Month: June 2014

In English please…


Hi everybody [1]! When you read this article, I’ll be a bit more northwards, in a slightly weird land, where men wear kilts and sometimes nothing under them. What a cliché, you’ll tell me, and you’ll be right, but please let me dream. I’m thus for the week in Edinburgh, as part of a press trip I’ll tell you more about in the coming days, I fully intend to narrate our adventures as they happen, I am leaving in good company: I say we’ll enjoy big time.

And, height of coincidence, I had chosen to announce today an English version for Pensées by Caro. Wait, not a shabby translation from Google, no no no, but the fruits of a huge amount of work from Aurélie Lasherme, a perceptive and  tenacious young woman, who, turning her nose up at my indecisive temperament, clung to the project and has been working on my texts for months. To be honest I hadn’t really thought of crossing the Atlantic or the Channel, not sure my writings could be interesting in English. But finally, on an enthusiastic proposal from Aurélie, I said: nothing ventured nothing gained, and if I too want to, one day, speak to you from “the studio”, I’ll have to turn to English.

All articles won’t be translated, but already, all the ones narrating my ‘Zermati’ journey and all ‘Minutes by Minutes’ are available plus several other articles. We’ll assess in a few months if we’ve hit the nail on the head and time will tell, basically.

In any case, a huge thank you to Aurélie and Frédéric who did a great job, I almost feel like Carrie Bradshaw…

That’s all folks


[1] TN : In English in the original text

Strawberries, raspberries and one orange


At the risk of sounding slightly populist, I wanted to thank you for your enthusiastic participation in the contest yesterday. I’m always particularly moved when people show such an interest for books. And I’m quite proud that you are as full on winning a book as on winning beauty products.

End of the populist digression, here are the winners:

Comment 94, Plum’

Comment 12, Zouzou

Comment 166, Mmarie

Kindly send me an email, cfrancfr(at), with your postal address! Oh and while I’m at it, Xotchil, I haven’t received any email from you about French Disorder, can you send me one with your address, name of the product and size?

For the disappointed ones, Vincent Maston’s book is available in all good bookshops and here...

There you go, I’m leaving you with this pix of that DIY dessert I made yesterday in a few minutes, inspired by Géraldine’s trifles. I didn’t have custard and was too lazy to cook some so, basically, you have in these glasses strawberries, whipped cream, raspberries and, at the bottom, choc chips cookies roughly crushed. Actually it’s just the proof that the way a dessert looks can change how it’s perceived, my kids went into ecstasies and begged me to make some again, swearing it had NOTHING TO DO with a basic bowl of strawberries and Chantilly cream. Next time I’ll put crushed meringue and vanilla ice cream. I think I’ve just invented the unstructured Vacherin, call me Nono. (Top Chef private joke, sorry).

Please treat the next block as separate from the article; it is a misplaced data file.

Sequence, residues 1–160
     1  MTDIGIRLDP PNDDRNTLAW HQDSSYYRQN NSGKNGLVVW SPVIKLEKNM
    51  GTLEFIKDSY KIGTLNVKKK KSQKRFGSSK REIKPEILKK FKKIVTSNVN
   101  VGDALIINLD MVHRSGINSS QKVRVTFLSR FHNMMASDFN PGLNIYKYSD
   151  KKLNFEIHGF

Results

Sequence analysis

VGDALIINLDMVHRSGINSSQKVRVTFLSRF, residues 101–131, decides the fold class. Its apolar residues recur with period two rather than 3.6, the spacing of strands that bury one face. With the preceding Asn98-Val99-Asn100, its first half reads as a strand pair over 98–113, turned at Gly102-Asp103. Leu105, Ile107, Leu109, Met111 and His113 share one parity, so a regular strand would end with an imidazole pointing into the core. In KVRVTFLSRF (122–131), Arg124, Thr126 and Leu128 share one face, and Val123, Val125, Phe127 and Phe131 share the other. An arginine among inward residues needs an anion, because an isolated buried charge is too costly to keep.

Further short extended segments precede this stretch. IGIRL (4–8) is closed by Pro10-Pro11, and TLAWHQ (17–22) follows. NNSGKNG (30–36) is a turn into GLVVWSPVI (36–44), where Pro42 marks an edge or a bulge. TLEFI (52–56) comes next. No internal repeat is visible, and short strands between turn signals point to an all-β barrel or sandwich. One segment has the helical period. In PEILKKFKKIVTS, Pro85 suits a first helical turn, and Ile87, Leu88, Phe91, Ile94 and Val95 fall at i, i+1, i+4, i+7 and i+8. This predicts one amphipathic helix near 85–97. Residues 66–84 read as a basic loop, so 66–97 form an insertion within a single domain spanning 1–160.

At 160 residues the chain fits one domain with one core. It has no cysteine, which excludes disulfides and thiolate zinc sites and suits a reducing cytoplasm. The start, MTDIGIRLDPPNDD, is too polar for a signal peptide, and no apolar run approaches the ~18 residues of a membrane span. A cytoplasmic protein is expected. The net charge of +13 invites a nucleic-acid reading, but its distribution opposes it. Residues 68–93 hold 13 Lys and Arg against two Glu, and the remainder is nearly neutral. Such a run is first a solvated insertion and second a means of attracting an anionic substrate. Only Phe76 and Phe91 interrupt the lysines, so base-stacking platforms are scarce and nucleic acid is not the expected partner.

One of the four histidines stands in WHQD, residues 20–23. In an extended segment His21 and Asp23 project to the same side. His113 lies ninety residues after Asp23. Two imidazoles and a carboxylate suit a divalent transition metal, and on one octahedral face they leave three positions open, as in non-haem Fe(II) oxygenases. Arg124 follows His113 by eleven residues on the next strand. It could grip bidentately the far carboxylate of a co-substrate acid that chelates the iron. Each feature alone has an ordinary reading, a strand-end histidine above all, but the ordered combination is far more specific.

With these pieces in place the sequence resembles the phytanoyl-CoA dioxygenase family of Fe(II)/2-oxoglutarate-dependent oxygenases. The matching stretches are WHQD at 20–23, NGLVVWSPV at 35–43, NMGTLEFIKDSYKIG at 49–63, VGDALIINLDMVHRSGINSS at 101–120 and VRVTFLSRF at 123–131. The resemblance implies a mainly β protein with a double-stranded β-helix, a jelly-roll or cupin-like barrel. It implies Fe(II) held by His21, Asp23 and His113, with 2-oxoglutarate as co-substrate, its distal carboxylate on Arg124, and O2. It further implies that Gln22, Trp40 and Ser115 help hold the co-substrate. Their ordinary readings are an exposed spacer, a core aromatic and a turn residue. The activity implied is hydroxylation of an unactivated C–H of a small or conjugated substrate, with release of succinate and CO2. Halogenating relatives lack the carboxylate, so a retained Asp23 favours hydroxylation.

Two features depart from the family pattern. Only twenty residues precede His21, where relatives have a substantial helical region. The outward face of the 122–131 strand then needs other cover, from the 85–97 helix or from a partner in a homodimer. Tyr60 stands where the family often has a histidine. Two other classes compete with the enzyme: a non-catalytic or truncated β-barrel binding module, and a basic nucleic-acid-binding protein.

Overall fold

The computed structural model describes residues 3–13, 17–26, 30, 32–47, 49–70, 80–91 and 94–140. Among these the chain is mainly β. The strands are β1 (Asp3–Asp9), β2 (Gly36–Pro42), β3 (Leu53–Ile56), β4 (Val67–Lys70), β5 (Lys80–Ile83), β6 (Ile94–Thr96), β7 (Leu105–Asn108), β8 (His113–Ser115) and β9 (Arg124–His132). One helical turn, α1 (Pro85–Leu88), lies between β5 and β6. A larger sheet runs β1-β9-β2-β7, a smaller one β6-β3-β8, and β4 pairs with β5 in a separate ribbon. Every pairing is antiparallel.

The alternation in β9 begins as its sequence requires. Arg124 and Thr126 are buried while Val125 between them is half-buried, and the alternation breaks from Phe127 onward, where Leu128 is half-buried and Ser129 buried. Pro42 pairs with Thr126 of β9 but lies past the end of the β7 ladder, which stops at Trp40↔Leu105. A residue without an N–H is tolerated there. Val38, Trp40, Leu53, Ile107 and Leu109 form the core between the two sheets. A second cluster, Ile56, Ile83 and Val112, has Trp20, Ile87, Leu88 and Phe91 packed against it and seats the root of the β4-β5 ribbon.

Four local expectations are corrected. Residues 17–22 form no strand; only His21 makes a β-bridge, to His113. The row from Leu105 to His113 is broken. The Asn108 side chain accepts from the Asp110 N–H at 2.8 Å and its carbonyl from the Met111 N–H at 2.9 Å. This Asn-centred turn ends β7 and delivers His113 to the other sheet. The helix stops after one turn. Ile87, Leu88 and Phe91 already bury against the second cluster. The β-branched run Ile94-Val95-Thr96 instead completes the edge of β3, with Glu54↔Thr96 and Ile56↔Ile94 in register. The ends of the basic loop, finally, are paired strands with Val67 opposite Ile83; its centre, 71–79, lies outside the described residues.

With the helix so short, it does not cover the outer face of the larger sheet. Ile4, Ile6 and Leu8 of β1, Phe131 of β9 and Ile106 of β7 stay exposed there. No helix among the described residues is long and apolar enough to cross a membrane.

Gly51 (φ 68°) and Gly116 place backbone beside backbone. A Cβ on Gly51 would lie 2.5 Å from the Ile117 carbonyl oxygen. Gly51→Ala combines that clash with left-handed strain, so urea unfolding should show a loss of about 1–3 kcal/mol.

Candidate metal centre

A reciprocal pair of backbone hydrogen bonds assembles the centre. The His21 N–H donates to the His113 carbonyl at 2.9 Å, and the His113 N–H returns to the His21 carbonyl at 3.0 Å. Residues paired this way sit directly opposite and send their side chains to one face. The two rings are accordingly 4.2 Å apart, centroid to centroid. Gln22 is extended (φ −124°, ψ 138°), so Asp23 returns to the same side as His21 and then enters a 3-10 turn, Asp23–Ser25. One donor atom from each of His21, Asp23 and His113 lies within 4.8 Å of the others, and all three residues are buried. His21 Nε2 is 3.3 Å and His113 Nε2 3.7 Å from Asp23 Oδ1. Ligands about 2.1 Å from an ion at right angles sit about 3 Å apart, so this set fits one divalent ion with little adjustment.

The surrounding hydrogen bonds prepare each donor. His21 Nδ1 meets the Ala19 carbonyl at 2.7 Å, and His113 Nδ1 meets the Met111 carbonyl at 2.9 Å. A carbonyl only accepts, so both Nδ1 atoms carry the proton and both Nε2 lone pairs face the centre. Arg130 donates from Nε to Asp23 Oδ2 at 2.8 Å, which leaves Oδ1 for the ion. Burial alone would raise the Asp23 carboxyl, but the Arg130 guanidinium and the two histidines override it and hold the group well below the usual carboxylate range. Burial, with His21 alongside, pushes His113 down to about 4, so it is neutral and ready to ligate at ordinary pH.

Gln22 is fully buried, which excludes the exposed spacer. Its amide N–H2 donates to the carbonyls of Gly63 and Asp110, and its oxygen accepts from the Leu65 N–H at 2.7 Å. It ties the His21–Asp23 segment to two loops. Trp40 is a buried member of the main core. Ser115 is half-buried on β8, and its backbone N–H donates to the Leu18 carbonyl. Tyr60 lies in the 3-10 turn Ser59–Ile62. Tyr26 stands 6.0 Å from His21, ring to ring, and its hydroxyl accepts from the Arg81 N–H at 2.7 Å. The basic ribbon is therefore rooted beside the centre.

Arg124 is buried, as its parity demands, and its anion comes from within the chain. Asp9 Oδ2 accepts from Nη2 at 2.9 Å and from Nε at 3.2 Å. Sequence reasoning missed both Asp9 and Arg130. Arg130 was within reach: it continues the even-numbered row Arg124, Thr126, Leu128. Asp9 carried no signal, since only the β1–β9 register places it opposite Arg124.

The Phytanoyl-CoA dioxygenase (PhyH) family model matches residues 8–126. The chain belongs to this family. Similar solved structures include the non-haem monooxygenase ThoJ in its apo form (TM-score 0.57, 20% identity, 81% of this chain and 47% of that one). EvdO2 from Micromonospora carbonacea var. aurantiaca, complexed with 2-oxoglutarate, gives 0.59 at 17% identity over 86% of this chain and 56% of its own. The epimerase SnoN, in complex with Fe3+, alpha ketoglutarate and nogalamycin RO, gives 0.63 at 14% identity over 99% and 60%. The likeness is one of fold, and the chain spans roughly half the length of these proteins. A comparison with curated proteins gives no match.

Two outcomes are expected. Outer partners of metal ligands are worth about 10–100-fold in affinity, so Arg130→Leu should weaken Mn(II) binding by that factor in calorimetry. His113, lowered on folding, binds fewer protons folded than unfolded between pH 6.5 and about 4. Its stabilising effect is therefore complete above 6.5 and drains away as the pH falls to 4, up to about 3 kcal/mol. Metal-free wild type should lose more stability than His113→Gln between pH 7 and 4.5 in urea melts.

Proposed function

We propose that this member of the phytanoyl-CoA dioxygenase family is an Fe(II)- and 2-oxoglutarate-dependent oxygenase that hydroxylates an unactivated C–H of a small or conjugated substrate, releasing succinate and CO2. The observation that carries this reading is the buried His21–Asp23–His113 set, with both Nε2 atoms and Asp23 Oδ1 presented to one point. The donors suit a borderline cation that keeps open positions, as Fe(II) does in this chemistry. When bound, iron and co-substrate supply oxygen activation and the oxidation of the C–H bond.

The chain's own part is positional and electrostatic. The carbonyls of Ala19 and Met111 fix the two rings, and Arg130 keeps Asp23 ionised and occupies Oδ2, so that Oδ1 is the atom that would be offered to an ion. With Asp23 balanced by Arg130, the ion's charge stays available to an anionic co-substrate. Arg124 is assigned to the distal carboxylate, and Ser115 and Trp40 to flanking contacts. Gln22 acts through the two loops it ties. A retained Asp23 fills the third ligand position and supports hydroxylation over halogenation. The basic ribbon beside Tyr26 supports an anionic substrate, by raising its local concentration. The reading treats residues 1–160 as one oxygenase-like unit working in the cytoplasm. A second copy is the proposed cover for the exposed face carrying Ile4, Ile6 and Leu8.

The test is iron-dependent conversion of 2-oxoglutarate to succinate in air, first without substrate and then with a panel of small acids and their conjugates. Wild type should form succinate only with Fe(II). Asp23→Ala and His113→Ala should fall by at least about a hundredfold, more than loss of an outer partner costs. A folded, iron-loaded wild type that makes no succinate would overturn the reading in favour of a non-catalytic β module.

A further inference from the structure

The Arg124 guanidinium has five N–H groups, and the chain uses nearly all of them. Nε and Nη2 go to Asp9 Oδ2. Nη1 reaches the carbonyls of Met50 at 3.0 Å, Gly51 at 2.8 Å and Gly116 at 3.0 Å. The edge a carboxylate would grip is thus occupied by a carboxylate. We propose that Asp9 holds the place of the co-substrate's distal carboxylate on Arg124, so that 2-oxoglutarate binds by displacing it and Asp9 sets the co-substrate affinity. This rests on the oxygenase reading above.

Ha and also, Orange is the new black season 2 has just been released and it gets off to a good start.


Germain in the metro, a too sensitive hero (contest inside)


I don’t know if you remember but some time ago – two years already – I took part in the “New talent writing lab” organised by the Bouygues Télécom fundation. I had told days after days these fascinating classes given by Bruno Tessarech and slipped here and there a few snippets of these embryos of stories or of characters, born practically before our eyes. I’d have loved to tell you that after those sessions, my novel was finally finished, but alas my project stays undisturbed where it should be, in a land named Perfunctory Attempt. On the other hand, several of my classmates have ended up giving birth to real books, paper-backed and published.


Vincent Maston, – the first guy from the left, with the red sweater – since I want to talk about him today, is thus the author of “Germain dans le metro [1]“, from which we were the first to know the first lines.  I remember very well the description of this Germain that he had read to us and I remember telling myself that there was in this very precise and unfailingly regular style a little something from Jaenada (which coming from me is close to backslapping). I was then almost convinced we would hear from this strange boy, who in order to survive in this tough world has this unquenchable need to push people in the metro. Like a quiet act of revenge, an act of revenge on his peers’ pettiness, always prompt to make fun of his stammer or of their fellow beings’ weaknesses.

Germain is a kind misanthrope, a sensitive guy who likes trash rock, a bashful lover whose passion has chosen, too bad, his speech therapist, sadly not very gifted.